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Great Expectations

Have you ever heard yourself saying (or thinking) any of the following:

He’s being stubborn…

He knows what to do, he’s just not doing it because XXX…

She goes deaf when…


What happens in that scenario? We start to think about our dog in negative language, and a lot of responsibility is placed at the paws of the dog. What about if we reframed those thoughts, looking at ourselves instead?


He’s being stubborn----- have I explained to him clearly what I want? Have I checked he understands? Is there something new here that might be worrying him?


He knows what to do, he’s just not doing it because XXX…---- Does he really? Have I proofed this behaviour in this specific situation already? Multiple times? With the current distractions? Or do I need to rethink and make it easier for him to make the right choices?


She goes deaf when… ---- Have I placed her in a situation where the environment is overwhelming? Was that her choice or mine? Have I proofed this behaviour enough, and built enough muscle memory and positive associations with the right choice, to over-ride the powerful pull of this situation? Am I asking too much right now?


People have pretty high expectations of their dog to listen and “to do” without perhaps putting in the right kind of time and energy into developing that ability to make the desired choice. Why is this?

 

EXPECTATION V REALITY!

I find it odd that we wouldn’t expect a toddler to understand the concept of not running into the road, or exercising some self-restraint, but we often don’t apply that understanding to our young dogs (yes, I know dogs are not humans, but there can be parallels drawn between baby mammals and how they explore the world and develop understanding). With young children, rather than just saying “don’t run into the road” we would say “hold my hand, look both ways, stop at the crossing, wait for me”- specific, clear actions that they can understand.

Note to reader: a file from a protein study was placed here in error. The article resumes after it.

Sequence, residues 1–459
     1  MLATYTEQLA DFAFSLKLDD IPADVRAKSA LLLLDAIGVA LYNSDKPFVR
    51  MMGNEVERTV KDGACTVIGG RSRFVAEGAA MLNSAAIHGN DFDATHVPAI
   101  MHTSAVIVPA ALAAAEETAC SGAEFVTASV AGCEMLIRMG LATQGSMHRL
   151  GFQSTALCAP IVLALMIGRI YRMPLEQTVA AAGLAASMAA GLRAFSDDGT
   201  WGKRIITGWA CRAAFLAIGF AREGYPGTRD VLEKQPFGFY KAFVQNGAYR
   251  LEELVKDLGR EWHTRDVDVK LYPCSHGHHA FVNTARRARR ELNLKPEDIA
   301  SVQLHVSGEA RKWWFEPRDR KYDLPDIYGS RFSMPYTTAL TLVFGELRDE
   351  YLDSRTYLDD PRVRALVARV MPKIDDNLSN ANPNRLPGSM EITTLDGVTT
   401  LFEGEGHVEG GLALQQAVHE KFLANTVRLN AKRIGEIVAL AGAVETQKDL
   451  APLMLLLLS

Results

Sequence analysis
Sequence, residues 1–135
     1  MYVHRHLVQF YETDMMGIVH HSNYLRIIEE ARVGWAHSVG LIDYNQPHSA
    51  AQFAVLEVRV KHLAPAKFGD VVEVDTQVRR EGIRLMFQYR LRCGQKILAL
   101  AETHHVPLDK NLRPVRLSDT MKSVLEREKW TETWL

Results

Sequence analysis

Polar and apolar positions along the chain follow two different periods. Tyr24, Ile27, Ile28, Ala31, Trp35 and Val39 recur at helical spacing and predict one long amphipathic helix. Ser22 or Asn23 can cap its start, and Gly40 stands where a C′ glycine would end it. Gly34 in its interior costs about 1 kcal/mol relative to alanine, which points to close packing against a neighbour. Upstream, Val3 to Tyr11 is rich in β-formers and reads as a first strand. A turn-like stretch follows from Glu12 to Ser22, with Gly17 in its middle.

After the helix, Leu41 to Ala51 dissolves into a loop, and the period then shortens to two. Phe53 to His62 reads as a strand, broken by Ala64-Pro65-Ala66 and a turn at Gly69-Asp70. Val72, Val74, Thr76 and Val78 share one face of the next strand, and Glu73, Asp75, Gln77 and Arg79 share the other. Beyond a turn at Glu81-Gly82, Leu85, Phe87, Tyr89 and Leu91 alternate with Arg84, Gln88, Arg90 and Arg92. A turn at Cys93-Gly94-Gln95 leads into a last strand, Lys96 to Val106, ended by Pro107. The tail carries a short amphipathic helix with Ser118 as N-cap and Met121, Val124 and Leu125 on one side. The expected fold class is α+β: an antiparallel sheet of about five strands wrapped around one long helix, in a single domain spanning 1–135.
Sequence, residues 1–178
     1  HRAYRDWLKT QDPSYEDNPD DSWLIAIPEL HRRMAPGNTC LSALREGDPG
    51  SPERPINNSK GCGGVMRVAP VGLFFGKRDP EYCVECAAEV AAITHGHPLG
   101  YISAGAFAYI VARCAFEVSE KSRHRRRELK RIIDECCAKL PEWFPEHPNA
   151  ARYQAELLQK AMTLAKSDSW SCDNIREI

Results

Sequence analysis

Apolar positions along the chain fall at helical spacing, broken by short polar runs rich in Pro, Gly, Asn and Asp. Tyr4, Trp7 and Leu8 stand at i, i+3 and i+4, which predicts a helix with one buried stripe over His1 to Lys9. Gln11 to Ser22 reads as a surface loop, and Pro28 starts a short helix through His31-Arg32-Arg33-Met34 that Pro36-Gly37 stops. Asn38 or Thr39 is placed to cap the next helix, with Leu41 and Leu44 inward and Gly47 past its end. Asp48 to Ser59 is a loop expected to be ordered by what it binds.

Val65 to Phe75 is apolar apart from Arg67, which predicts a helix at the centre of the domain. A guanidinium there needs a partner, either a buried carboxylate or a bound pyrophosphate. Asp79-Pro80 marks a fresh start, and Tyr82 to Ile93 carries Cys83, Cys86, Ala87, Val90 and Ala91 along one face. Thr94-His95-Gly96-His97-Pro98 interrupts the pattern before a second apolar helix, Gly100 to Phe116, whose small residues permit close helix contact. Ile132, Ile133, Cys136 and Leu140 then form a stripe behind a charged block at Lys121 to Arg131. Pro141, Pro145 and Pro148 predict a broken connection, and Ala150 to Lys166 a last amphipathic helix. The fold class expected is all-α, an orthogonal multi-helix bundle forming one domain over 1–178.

A dog chases, or jumps up, or grabs any available food because that’s what they would naturally do, so why would we expect them to have an understanding to NOT do that, unless we have worked hard on helping them to understand?

We are fed a diet of perfection and excellence these days flicking through social media. We see dogs performing amazing feats, perfect obedience, amazing agility, focused gundog work, tricks galore. We see celebrity “experts” seemingly performing miracles in a short space of time (and not just with dogs, think about home makeovers, body changes, fashion makeovers). It gives a false impression that

-          Change can happen really quickly (and if it doesn’t, then your dog is at fault)

-          You don’t need to put in much effort (your dog should just “know”)

Hummmm!


What we rarely see is the hours and hours spent working on skills. The commitment to working through problems, to developing understanding, to being consistent. Hopefully if you’re reading this, you already know that learning a new skill or way of approaching something, TAKES TIME AND EFFORT!


Dog training is a skill and, like most skills, it can be learnt- that goes for both ends of the lead! And, as with most things, the more you put effort in, the better you will get. Think about something you have tried to learn in the past- maybe it was a language, or a sport, or a mechanical skill - did you see huge improvements if you just did one hour a week and then no practice? And what about if you actually went to France and tried using your language? Or if you didn’t just go to rugby practice once a week but you built up the muscles with other exercises through the week? Or you practiced sewing clothes, or knitting, or taking apart an engine?


Comparison is the thief of joy…